Phages to reduce salmonella in poultry
While there are many measures currently used to prevent bacterial infections in chicken, they often have their own limitations and drawbacks.
As a possible alternative, phages offer unique advantages. These host-specific viruses can attack and eliminate bacterial infections without altering flavor or compromising the effectiveness of other preservatives. In fact, research has shown that certain phage treatments can effectively reduce the presence of Salmonella in chickens without harming the animals themselves.
As an environmentally friendly and potentially more effective method of preventing infections such as salmonellosis, phage therapy is worthy of further investigation because it can help improve public health and reduce losses in the poultry industry.
The authors Malak Almutairi, Mohammed Imam, Nouf Alammari, Radwan Hafiz, Faizal Patel, and Sulaiman Alajel researched this further in their publication Using Phages to Reduce Salmonella Prevalence in Chicken Meat: A Systematic Review, dated 18 march 2022.
- Salmonellosis is an infection that significantly affects chickens and the people who consume them. It is a public health burden and contributes to economic losses in the chicken industry worldwide.
- To control bacterial infections associated with chicken meat, significant amounts of antibiotics are used worldwide, as well as various infection prevention measures. However, chemical additives, such as organic acids, and chlorine-based measures all have various limitations. These include feed refusal due to taste changes and incompatibility between organic acids and other inoculated preservatives such as antimicrobials.
- Phages are host-specific viruses that interact with bacteria in specific ways. Therefore, they possess unique biological and therapeutic properties that can be used to reduce bacterial contamination and thus improve food safety and quality.
- This systematic review examines the current evidence on the efficacy of different phages on Salmonella colonization of chicken meat by summarizing the results of 17 studies conducted under similar experimental conditions (temperature and incubation parameters).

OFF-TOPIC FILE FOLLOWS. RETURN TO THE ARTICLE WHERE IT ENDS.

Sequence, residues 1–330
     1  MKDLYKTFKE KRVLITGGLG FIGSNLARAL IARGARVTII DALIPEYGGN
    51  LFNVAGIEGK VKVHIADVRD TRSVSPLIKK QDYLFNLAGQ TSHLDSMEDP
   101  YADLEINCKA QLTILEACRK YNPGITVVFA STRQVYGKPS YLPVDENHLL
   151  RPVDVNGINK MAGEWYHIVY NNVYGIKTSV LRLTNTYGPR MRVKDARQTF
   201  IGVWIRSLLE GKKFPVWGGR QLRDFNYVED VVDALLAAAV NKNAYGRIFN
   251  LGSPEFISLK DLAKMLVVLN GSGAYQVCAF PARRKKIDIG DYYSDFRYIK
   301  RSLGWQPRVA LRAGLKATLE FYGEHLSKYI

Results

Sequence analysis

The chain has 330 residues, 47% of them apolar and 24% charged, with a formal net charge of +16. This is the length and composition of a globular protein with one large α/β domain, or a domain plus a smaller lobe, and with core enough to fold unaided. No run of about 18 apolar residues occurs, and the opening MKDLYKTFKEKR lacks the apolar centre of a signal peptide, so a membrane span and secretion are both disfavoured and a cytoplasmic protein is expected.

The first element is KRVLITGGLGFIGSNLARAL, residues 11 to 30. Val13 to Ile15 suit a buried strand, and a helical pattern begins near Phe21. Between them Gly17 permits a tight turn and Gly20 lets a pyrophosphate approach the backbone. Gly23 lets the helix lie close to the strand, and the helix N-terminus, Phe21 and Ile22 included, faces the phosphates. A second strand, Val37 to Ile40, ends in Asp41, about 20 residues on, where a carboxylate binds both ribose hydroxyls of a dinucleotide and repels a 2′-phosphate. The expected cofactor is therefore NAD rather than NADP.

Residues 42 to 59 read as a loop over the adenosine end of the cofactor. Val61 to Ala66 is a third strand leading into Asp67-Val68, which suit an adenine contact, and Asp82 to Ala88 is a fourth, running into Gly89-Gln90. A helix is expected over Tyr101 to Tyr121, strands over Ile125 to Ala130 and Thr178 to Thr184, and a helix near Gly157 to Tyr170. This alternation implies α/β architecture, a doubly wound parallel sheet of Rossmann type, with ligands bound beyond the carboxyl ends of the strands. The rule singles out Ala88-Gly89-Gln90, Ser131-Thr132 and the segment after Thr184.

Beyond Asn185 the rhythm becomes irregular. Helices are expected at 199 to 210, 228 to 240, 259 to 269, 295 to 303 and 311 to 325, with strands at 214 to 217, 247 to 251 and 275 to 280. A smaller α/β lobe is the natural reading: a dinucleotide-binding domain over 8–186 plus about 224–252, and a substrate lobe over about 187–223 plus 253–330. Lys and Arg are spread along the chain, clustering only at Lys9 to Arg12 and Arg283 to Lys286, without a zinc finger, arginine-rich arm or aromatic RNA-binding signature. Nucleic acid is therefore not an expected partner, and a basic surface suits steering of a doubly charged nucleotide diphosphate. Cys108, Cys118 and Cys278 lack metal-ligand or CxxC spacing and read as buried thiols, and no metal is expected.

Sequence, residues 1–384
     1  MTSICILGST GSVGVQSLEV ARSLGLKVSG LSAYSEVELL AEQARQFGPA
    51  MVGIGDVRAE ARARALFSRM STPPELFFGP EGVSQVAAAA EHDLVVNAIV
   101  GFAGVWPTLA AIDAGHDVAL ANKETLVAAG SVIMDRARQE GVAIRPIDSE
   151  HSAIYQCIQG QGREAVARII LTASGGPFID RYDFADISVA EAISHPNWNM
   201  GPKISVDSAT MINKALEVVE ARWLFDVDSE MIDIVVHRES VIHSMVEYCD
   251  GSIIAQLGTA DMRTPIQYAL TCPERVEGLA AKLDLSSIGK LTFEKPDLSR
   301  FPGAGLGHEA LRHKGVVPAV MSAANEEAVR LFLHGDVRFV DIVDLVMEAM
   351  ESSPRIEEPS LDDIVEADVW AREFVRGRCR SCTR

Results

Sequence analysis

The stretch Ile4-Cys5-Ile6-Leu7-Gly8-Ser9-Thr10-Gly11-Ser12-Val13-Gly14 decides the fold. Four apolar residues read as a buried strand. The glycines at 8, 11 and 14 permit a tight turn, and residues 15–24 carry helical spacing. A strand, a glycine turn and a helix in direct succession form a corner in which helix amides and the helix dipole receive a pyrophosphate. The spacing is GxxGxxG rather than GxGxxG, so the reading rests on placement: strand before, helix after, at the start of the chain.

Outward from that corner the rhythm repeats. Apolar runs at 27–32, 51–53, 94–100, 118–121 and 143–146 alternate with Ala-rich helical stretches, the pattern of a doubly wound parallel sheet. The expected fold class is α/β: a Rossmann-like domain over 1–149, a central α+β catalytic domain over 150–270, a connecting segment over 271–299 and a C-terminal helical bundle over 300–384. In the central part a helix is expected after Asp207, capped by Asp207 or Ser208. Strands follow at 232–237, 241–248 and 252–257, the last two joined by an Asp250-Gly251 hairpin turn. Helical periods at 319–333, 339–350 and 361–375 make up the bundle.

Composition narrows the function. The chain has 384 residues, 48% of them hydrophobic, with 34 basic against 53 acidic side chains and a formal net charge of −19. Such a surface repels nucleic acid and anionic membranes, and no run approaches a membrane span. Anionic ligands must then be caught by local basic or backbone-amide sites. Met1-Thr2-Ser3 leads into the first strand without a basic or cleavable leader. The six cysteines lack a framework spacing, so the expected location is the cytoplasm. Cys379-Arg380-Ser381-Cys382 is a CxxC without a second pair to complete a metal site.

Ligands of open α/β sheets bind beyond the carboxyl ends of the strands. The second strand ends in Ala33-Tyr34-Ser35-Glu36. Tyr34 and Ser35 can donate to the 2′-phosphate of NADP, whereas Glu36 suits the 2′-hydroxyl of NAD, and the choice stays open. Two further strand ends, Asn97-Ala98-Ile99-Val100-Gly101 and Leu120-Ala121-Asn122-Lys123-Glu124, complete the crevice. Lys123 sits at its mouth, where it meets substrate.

- The current findings indicate that most in vitro studies in which phages were used as biocontrol agents successfully eliminated Salmonella contamination in chicken meat samples. This suggests that phages are a promising solution for the control of foodborne bacteria worldwide.
Salmonellosis is an infection that significantly impacts chicken and humans who consume it; it is a burden on public health and a contributor to commercial losses in the chicken industry worldwide.
To tackle chicken meat-related bacterial infections, significant quantities of antibiotics alongside several infection prevention measures are used worldwide.
However, chemical additives, such as organic acids, and chlorine-based interventions all have different limitations. These include feed refusal due to a change of taste, and incompatibility between organic acids and other inoculated preservative agents such as antimicrobial agents.
Phages are host-specific viruses that interact with bacteria in a specific manner. Therefore, they possess unique biological and therapeutic features that can be used to reduce bacterial contamination, leading to improved food safety and quality.
This systematic review examines the current evidence regarding the effectiveness of various phages on Salmonella colonization in chicken meat. This review summarizes findings from 17 studies that were conducted in vitro with similar experimental conditions (temperature and incubation parameters) to test the efficacy of isolated and commercially available phages on chicken raw meat samples.
The current evidence suggests that most of the in vitro studies that used phages as a biocontrol to eradicate Salmonella contamination in chicken meat were successful. This indicates that phages constitute a promising solution worldwide for tackling foodborne bacteria, including Salmonella.
Keywords: Salmonella; chickens; in vitro; phages; poultry.
Copyright 2022, Mary Ann Liebert, Inc., publishers.
Salmonella is a type of bacteria that can cause food poisoning in humans. Chicken meat is one of the common sources of salmonella infections, so it is important to reduce the prevalence of this bacteria in chicken meat. One approach that has been studied is the use of bacteriophages, also known as phages, to reduce the prevalence of salmonella in chicken meat.
Phages are viruses that infect and replicate within bacteria, and they have been used for many years as a potential alternative to antibiotics for controlling bacterial infections. There have been a number of studies that have investigated the use of phages to reduce the prevalence of salmonella in chicken meat.
Overall, the results of these studies suggest that phages can be effective at reducing the prevalence of salmonella in chicken meat. However, there are still some challenges and limitations to using phages for this purpose, including the need to identify and isolate specific phages that are effective against the particular strains of salmonella present in the chicken meat, and the potential for the development of phage resistance in the bacteria.
Further research is needed to fully understand the potential of using phages to reduce the prevalence of salmonella in chicken meat, and to identify the most effective and practical approaches for using phages in this context. In the meantime, it is important to continue to follow good food safety practices, such as cooking chicken meat to an appropriate temperature and handling it properly, to reduce the risk of salmonella infection.